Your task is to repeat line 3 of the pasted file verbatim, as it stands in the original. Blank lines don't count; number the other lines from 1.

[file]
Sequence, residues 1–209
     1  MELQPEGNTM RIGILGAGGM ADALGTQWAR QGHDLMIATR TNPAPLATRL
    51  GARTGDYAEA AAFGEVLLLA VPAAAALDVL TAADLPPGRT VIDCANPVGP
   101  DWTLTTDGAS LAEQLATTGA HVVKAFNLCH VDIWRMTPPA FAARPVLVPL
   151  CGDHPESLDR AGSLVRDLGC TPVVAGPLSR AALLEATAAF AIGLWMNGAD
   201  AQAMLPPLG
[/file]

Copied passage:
    51  GARTGDYAEA AAFGEVLLLA VPAAAALDVL TAADLPPGRT VIDCANPVGP